Volker defends role in talks between White House, Ukrainian government

WASHINGTON – Former McCain Institute Executive Director Kurt Volker told the House Intelligence Committee Tuesday that he was unaware of any efforts to get the Ukrainian government to interfere in U.S. politics in exchange for military aid.

Volker, the former U.S. special envoy to Ukraine, told the panel conducting an impeachment inquiry into President Donald Trump that his main focus was on maintaining U.S.-Ukrainian relations and that he was often “surprised” by sudden, unofficial White House moves.

“If a problem arose, I knew it was my job to fix it,” Volker said in a nine-page opening statement that laid out in meticulous detail his role as a go-between from the White House to Ukrainian officials.

Volker’s testimony came during the fourth day of open impeachment hearings into claims that Trump tried to get newly elected Ukrainian President Volodymyr Zelensky to investigate the son of former Vice President Joe Biden. Biden is considered a likely challenger to Trump in 2020.

That investigation has turned on a July 25 phone call in which Trump discusses a possible White House visit for Zelensky. But Trump asks Zelensky to “do us a favor” by investigating possible Ukrainian interference into the 2016 U.S. elections and by reopening an investigation of Hunter Biden and his role on the board of a Ukrainian energy company.

In that call, Trump criticizes then-U.S. Ambassador to Ukraine Marie Yovanovitch, who was abruptly recalled from her post in the spring, and urges Zelensky to talk to former New York Mayor Rudy Giuliani, Trump’s personal attorney, about the Biden investigation.

The White House also withheld millions in military aid to Ukraine over the summer without an official explanation, although that money was later released.

Volker, who had been called by Republicans on the Intelligence Committee to testify, the accusations against Biden and his son’s business dealings in Ukraine “not credible” and a “conspiracy theory” pushed by Giuliani.

“I have known Vice President Biden for 24 years,” Volker said. “He is an honorable man and I hold him in the highest regard.”

Volker said his focus was to maintain strong ties to Ukraine as a key to “reversing Russian aggression” in the region and around the world. But he said those efforts were stymied by Trump’s perception that Ukraine was “a corrupt country, full of terrible people,” a narrative he said was fueled by Giuliani. Volker and other witnesses have repeatedly said the landslide election of Zelensky, a reformer, proves that is no longer the case.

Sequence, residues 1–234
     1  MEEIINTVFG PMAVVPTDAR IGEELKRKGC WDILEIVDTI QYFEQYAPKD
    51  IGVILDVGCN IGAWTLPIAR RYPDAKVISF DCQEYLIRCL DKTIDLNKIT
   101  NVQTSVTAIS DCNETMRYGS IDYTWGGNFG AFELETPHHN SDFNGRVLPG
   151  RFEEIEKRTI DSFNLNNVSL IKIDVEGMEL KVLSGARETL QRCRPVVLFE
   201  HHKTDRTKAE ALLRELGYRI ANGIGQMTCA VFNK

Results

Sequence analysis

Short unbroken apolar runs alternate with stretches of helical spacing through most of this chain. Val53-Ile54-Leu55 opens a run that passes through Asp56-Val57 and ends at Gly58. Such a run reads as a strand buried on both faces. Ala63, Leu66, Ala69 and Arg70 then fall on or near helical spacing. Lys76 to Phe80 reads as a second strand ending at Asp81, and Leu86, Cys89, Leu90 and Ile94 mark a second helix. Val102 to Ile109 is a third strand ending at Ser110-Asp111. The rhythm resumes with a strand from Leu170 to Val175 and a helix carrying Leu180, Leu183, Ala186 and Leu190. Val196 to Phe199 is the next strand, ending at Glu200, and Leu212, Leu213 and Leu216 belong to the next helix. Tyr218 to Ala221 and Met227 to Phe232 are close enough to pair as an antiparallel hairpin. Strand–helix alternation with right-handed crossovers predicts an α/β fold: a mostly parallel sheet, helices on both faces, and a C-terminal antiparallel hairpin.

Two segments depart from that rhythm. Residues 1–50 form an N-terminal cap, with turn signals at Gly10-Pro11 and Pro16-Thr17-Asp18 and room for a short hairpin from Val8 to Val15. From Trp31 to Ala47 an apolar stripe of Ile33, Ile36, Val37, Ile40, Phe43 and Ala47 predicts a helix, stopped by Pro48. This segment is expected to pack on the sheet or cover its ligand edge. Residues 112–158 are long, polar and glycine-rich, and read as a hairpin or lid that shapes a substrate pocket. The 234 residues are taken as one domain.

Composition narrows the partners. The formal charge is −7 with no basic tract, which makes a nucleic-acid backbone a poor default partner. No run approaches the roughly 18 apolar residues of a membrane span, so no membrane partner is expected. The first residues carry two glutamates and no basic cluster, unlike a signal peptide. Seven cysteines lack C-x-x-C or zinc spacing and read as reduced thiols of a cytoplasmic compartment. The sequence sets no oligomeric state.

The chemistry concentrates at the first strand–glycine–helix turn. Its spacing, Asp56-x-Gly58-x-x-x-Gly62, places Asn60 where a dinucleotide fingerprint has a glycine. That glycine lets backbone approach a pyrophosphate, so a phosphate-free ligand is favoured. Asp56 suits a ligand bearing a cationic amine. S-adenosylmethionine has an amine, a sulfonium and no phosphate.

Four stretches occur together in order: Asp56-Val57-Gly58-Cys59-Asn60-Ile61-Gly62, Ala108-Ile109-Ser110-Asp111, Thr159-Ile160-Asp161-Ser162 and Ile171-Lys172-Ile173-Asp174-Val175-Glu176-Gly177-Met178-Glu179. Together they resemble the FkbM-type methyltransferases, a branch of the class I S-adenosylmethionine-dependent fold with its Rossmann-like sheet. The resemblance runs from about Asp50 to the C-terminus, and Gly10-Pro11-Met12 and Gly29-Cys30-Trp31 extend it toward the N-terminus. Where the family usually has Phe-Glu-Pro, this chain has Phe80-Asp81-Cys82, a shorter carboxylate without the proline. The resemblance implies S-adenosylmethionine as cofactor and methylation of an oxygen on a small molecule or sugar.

In closed-door testimony to the committee on Oct. 3, at the outset of the impeachment inquiry, Volker said he did not listen in on the July 25 call and was not aware of Biden’s name being mentioned until after a transcript of the call was released.

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He said Tuesday, however, that he did hear European Union Ambassador Gordon Sondland make a “generic comment about investigations” during a July meeting with national security officials, which Volker and the officials thought “inappropriate.”

Volker also said he was not aware of a link between Biden and Burisma, the Ukraine-based energy company that had Hunter Biden on its board, and did not know of other discussions through “unofficial” channels pressuring the Ukrainians for investigation.

When Rep. Sean Patrick Maloney, D-N.Y., wondered why Volker was “out of the loop” on the Ukrainian negotiations, Volker defended himself.

“I have learned many things I did not know at that time,” he said, pointing back to his opening statement, and referring to the official and unofficial channels that were sending differing messages to the Ukrainians.

The strategic importance of Ukraine was echoed by another witness, Timothy Morrison, a Europe and Russia expert for the National Security Council. Morrison told the committee Tuesday that U.S. relations with Ukraine are essential to standing between “the West and Vladimir Putin’s revanchist Russia.”

When Democrats on the committee asked Volker and Morrison why they did not report the phone call that they considered “inappropriate,” and take their concerns up the chain of command, Morrison said he feared at the time “how its disclosure would play in Washington’s political climate. My fears have been realized.”

Volker and Morrison followed morning testimony Lt. Col. Alexander S. Vindman, Ukraine expert for the NSC, and Jennifer Williams, an aide to Vice President Mike Pence, who both raised concern about the July 25 call. Previous witnesses included Yovanovitch and State Department officials who testified to their concerns over Giuliani’s role in what they saw as inappropriate demands on the Ukrainians.

The committee is scheduled to hear tomorrow from Sondland; Trump’s Deputy Assistant Secretary of Defense for Russian, Ukranian, and Eurasian Affairs Laura Cooper; and Under Secretary of State for Political Affairs David Hale.

They are part of a hectic seven weeks of hearings that began behind closed doors on Oct. 3 with Volker as the first witness testifying to the House Intelligence, Foreign Affairs and Oversight committees.

Volker resigned from his position with the McCain Institute on Oct. 7, saying the media focus on his testimony would distract from the work of the institute, which is affiliated with Arizona State University.

ASU President Michael Crow said then that Volker would be on “paid administrative leave … until further notice.” An ASU spokeswoman said Tuesday that Volker remains on paid leave, and declined further comment.